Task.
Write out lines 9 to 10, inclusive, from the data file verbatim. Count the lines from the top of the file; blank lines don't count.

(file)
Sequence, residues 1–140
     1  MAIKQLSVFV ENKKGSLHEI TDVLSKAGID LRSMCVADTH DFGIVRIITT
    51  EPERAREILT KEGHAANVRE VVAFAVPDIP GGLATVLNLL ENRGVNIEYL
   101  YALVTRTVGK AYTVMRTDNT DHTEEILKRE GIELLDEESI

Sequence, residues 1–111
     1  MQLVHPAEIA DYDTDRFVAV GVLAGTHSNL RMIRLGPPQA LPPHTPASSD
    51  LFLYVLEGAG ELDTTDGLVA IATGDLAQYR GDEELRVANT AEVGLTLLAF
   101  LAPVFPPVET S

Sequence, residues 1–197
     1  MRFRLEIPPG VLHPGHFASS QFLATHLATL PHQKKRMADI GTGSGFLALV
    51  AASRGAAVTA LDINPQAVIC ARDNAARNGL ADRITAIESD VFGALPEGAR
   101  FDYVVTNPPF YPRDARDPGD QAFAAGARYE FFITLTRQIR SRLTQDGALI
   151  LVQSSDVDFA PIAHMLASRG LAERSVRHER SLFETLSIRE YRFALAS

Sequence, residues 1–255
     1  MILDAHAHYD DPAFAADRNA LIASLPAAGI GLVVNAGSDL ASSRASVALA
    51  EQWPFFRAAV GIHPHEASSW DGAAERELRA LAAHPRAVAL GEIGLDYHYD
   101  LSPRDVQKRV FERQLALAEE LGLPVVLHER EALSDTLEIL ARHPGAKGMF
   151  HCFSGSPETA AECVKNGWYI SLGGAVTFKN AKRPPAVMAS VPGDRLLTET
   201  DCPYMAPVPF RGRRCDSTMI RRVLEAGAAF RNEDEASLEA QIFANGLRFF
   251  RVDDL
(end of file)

Sequence, residues 1–197
     1  MRFRLEIPPG VLHPGHFASS QFLATHLATL PHQKKRMADI GTGSGFLALV